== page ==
UV rays are part of the natural energy produced by the sun. On the electromagnetic spectrum, UV light has shorter wavelengths than visible light, so your eyes can’t see UV, but your skin can feel it.
While UVA and UVB rays differ in how they affect the skin, they both do harm.
In this article, we discuss the Positive and Negative Effects of UV Rays as part of July Ultraviolet Safety Month.
Positive (beneficial) effects of UV Rays
Triggers vitamin D
UV from the Sun is needed by our bodies to produce vitamin D. Vitamin D helps strengthen bones, muscles, and the body’s immune system. It may also lower the risk of getting some kinds of cancers such as colon cancer.
Helps some skin conditions
UV is used in the treatment of skin conditions such as psoriasis. This is a condition where the skin sheds its cells too quickly and develops itchy, scaly patches. Exposure to UV slows the growth of the skin cells and relieves the symptoms.
Research suggests that sunlight stimulates the pineal gland in the brain to produce certain chemicals called ‘tryptamines’. These chemicals improve our mood.
Useful for disinfection and sterilization
UV has positive applications in the fields of disinfection and sterilization. UV can effectively ‘kill’ (deactivate or destroy) microorganisms such as viruses and bacteria, for example, when hanging cloth nappies, underwear, and tea towels outside on the clothesline.
To destroy the microorganisms, UV rays penetrate the cell’s membrane, destroying the DNA, and so stops its ability to reproduce and multiply. This destructive effect explains why we can use UV antibacterial lamps for disinfection and sterilization. Mangere Wastewater Treatment Plant in Auckland uses UVC light to disinfect wastewater.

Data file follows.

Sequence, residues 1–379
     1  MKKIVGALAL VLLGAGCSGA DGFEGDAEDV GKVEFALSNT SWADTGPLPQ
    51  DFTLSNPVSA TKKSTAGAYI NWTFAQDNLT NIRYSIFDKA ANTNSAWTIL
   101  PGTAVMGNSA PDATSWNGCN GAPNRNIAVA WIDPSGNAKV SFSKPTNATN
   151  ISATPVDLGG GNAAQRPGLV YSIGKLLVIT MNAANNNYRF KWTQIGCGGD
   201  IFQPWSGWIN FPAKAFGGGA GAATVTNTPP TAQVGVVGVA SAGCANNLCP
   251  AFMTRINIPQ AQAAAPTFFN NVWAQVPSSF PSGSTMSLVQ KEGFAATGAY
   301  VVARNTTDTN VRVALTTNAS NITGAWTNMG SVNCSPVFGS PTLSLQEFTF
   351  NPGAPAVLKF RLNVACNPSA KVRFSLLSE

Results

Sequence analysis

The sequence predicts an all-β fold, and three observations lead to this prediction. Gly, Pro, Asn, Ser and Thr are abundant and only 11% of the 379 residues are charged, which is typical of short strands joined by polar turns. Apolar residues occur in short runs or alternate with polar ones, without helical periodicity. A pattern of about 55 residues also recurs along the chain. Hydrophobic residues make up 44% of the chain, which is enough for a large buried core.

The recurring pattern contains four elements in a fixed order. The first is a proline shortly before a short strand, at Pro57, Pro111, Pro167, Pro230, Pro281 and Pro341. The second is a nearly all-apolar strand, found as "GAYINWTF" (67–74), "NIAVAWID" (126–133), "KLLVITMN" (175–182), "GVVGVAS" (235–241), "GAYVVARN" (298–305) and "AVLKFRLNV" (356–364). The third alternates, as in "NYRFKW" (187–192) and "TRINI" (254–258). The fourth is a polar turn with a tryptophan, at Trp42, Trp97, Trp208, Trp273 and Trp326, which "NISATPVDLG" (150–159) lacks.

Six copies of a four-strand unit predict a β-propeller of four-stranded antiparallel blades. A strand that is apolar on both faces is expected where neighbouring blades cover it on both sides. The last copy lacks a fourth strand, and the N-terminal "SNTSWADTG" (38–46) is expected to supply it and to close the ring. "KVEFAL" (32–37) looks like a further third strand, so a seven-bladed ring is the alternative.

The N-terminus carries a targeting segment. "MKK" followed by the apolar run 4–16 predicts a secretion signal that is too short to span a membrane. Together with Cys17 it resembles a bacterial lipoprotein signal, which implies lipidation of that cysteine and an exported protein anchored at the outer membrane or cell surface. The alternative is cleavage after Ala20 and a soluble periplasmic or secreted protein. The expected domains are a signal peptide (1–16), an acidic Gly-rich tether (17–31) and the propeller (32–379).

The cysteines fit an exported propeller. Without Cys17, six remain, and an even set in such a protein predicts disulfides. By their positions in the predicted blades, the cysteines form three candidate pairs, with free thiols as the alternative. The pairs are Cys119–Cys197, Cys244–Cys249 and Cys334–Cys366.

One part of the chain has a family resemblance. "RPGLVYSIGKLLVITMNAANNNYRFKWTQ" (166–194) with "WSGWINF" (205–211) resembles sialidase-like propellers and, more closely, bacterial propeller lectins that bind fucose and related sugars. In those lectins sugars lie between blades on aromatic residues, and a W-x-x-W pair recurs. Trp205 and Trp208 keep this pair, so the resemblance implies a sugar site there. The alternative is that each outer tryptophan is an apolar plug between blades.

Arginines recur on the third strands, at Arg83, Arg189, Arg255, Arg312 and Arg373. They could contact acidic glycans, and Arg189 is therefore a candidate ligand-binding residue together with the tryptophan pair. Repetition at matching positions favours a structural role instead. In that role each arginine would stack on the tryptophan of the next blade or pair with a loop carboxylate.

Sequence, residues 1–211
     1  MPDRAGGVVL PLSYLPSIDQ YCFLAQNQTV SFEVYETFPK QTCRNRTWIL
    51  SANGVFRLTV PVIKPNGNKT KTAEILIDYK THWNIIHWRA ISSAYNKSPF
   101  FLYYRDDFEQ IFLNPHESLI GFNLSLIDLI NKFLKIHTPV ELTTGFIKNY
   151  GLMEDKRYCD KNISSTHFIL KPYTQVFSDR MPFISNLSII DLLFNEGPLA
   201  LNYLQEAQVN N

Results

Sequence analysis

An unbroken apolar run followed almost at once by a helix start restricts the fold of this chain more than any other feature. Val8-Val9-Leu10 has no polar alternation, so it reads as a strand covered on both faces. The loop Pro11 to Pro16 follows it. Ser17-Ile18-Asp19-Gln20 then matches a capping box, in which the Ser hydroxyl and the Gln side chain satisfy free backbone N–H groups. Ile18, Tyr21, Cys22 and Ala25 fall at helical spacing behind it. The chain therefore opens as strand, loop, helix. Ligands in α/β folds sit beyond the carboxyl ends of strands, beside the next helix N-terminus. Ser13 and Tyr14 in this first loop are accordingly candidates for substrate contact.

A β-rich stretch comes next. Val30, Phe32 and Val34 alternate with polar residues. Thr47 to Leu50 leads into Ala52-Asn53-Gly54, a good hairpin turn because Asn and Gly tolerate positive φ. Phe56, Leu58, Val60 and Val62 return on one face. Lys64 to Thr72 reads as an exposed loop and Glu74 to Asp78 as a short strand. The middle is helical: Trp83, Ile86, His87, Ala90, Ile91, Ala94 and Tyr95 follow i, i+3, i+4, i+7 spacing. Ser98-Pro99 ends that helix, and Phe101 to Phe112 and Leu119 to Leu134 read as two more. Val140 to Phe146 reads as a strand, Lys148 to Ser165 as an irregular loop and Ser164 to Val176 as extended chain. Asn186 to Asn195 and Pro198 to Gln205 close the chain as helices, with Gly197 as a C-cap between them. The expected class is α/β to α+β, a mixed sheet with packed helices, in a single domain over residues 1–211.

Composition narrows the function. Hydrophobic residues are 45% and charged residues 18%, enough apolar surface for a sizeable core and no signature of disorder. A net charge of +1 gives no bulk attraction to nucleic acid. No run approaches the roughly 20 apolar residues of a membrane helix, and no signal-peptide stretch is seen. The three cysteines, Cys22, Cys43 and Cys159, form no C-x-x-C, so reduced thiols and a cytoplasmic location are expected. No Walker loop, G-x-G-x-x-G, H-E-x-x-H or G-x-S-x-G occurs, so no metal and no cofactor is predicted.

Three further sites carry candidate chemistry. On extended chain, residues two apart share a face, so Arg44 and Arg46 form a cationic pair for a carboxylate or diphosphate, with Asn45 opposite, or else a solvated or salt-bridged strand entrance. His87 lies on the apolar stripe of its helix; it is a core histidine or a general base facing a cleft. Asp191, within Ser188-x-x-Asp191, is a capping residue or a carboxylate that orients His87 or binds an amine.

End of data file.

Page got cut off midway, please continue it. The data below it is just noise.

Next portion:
Negative (harmful) effects of UV Rays
Causes skin cancer
UV is an environmental human carcinogen. It’s the most prominent and universal cancer-causing agent in our environment. There is very strong evidence that each of the three main types of skin cancer (basal cell carcinoma, squamous cell carcinoma, and melanoma) is caused by sun exposure. Research shows that as many as 90% of skin cancers are due to UV radiation.
UV burns the skin. Sunburn is a burn that occurs when skin cells are damaged. This damage to the skin is caused by the absorption of energy from UV rays. Extra blood flows to the damaged skin in an attempt to repair it, which is why your skin turns red when you are sunburnt.
Damages immune system
Over-exposure to UV radiation has a harmful suppressing effect on the immune system. Scientists believe that sunburn can change the distribution and function of disease-fighting white blood cells in humans for up to 24 hours after exposure to the sun. Repeated overexposure to UV radiation can cause even more damage to the body’s immune system.
The immune system defends the body against bacteria, microbes, viruses, toxins, and parasites (disease and infection). You can see how effective the immune system is by looking at how quickly something decays when it dies and the immune system stops working.
Prolonged exposure to UV or high intensities of UV (for example, in sunbeds) damages the tissues of the eyes and can cause a ‘burning’ of the eye surface, called ‘snow blindness’ or photokeratitis. The effects usually disappear within a couple of days, but may lead to further complications later in life.
The American Medical Association reported that even low amounts of sunlight can increase the risk of developing eye damage such as cataracts (which, left untreated, will cause blindness), pterygium, and pinguecula. UV damage to the eyes is cumulative, so it is never too late to start protecting the eyes.
UV speeds up the aging of skin since the UV destroys collagen and connective tissue beneath the top layer of the skin. This causes wrinkles, brown ‘liver’ spots, and loss of skin elasticity. The difference between skin tone, wrinkles, or pigmentation on the underside of a person’s arm and the top side of the same arm illustrate the effects of sun exposure on the skin. Usually, the top side of the arm has had more exposure to the sun and shows greater sun damage.
Because photo-aging of the skin is cumulative, it is never too late for a person to start a sun protection program. Otherwise, though a tan may look good now, you could be paying for it with wrinkly leathery skin or skin cancer later.
Despite the risk factors, you can safely, and happily enjoy the great outdoors by protecting your skin against UV exposure with a broad-spectrum sunscreen and sun-safe clothing, hats, and eyewear. You can also consider UV window film for your home and car.